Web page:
Toxic Emissions From 2023 Ohio Train Derailment Reached 16 States: Precipitation Study

Toxic Emissions From 2023 Ohio Train Derailment Reached 16 States: Precipitation Study
Portions of a Norfolk Southern freight train that derailed the night before in East Palestine, Ohio, on Feb. 4, 2023, still on fire at mid-day. (Gene J. Puskar/AP Photo)
Matt McGregor
Precipitation carried toxic emissions to as many as 16 states after the February 2023 Norfolk Southern train derailment in East Palestine, Ohio, that triggered a blaze of hazardous chemicals, according to an environmental study.
Measurements of the chemical compounds found in precipitation showed that the area affected spanned from the Midwest through the Northeast, according to a study by scientists with the National Atmospheric Deposition Program (NADP) at the University of Wisconsin.
The chemical debris could have traveled as far north as Canada and as far south as North Carolina, according to the study, published in the peer-reviewed scientific journal Environmental Research Letters. The study found high chloride concentrations and pH levels.
“The robust measurements of the NADP network clearly show that the impacts of the fire were larger in scale and scope than the initial predictions, and likely due to the uplift from the fire itself entraining pollutants into the atmosphere,” the study said. ”These results were consistent with the meteorological conditions and atmospheric trajectories, and were not due to highly-concentrated low volume precipitation samples or wildfires.”

‘Volatile Organic Compounds’

The accident, at 9 p.m. on Feb. 3, 2023, involved approximately 50 train cars, including 38 that derailed, the study said.
Eleven of the derailed cars were carrying “volatile organic compounds” that included vinyl chloride that burned for several days, leading to reports of contaminated water and noxious odors, the study said.
The Environmental Protection Agency found “significant concentrations” of acetone, benzene, ethylbenzene, and other chemicals.
“Clearly, for multiple days, hazardous-classified chemicals were released into the atmosphere, both from spilled cargo and from the ensuing fire,” the study said. “However, much of the accident’s impact upon the surrounding population and environment requires further study, including a complete accounting of the emissions and areal impact.”
The NADP is a collaboration between the federal and state governments and scientists who measure chemical pollutants in the North American atmosphere.
The organization collects precipitation samples weekly from about 260 sites in North America.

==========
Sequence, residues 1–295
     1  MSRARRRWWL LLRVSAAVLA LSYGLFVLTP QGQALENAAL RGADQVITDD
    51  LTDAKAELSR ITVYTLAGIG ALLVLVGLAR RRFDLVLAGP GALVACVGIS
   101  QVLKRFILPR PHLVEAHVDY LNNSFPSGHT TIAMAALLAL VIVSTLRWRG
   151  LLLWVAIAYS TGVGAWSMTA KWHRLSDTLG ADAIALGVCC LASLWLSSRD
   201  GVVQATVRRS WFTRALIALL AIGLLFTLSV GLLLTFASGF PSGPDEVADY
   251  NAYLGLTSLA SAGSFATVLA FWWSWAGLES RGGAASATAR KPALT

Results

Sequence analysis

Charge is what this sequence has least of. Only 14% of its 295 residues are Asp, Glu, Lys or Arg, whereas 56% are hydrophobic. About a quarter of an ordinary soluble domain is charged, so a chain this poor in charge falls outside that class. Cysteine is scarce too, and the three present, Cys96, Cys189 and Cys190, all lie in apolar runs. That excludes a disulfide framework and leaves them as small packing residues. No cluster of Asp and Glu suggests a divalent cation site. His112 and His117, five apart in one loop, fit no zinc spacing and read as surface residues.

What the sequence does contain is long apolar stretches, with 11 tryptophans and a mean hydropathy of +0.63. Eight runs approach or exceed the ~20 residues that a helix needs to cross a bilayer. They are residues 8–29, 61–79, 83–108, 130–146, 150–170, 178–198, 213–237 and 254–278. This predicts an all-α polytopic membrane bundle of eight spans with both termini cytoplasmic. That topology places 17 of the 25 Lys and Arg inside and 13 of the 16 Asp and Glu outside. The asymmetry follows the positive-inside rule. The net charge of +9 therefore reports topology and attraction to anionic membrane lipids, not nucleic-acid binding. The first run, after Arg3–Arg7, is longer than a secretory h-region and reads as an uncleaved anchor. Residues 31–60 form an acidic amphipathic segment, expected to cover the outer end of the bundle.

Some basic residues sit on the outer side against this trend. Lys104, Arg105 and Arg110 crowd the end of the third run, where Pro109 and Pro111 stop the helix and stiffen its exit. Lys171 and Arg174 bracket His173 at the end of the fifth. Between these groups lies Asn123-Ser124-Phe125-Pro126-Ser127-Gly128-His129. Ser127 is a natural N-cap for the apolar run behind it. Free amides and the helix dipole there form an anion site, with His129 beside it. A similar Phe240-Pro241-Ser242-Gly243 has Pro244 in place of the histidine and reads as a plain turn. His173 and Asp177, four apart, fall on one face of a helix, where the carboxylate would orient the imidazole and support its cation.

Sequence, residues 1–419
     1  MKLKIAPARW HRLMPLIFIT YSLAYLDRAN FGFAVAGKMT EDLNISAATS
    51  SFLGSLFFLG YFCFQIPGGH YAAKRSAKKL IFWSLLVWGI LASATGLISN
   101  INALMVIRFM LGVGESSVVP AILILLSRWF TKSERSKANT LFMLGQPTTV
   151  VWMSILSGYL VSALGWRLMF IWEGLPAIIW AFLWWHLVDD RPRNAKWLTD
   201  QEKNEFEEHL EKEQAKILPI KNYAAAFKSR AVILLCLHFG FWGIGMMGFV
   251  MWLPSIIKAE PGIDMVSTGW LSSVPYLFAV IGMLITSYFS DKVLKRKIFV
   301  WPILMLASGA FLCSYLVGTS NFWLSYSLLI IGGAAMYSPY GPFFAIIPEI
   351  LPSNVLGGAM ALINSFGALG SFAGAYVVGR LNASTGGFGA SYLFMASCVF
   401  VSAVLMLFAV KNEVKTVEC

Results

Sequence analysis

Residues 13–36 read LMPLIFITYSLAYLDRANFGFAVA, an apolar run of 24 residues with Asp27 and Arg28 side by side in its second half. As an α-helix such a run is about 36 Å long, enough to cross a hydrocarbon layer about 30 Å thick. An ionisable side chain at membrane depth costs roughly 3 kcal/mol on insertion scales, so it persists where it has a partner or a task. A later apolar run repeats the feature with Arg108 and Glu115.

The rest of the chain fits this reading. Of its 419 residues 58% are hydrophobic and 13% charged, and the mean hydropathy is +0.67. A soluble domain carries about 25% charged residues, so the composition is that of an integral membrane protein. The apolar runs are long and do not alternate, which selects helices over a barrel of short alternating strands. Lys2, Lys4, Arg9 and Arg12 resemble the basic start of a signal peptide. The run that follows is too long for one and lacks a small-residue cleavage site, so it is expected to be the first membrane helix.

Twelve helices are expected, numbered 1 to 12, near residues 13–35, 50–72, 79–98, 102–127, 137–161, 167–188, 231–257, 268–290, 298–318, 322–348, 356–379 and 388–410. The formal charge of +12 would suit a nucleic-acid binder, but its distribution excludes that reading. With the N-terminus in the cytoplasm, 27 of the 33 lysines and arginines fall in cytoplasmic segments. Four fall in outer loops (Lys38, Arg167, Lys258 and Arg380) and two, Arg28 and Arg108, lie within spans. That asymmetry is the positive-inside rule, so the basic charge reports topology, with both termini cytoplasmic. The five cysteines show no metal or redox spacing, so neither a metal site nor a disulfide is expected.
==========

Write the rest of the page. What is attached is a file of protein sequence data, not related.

“Using these measurements, we examined the precipitation chemistry and wet deposition of precipitation acidity and selected inorganic constituents for indication of the accident areal impact on atmospheric chemistry,” the study said.
NADP compared data from the previous 11 years to the week of the train derailment and the following week.
“For this analysis, data from 9,800 samples were used, with 9,049 being valid samples for pH and other analytes,” the study said. “Of these, 8,720 samples were from the historic period prior to the accident, 56 samples were from the accident week, and 51 samples were available for the week after the accident.”
The 30 samples from NADP sites in Pennsylvania, Michigan, Massachusetts, Wisconsin, and New York, indicated that contamination had directly affected those areas. 
The study considered other explanations for the high concentrations of atmospheric pollutants, such as the “widespread injection of aerosols from wildfire or forest fires,” but concluded that those fires aren’t common in the wintertime, which is when the crash occurred.
Researchers found no major forest fires and a “lower than normal” number of fires in the United States at the time.

‘Significant Toxic Organic Flux’

The study estimated that the chemicals spread through precipitation over 14 percent of U.S. land, which includes 16 states and one-third of the population.
“The NADP networks do not currently quantify specific organic compounds that might be more specific tracers of the train cargo, but given the widespread impacts to precipitation documented with currently measured NADP analytes, it is possible that there was a significant toxic organic flux to the earth’s surface,” the study said.
Norfolk Southern didn’t respond by press time to a request by The Epoch Times for comment on the study.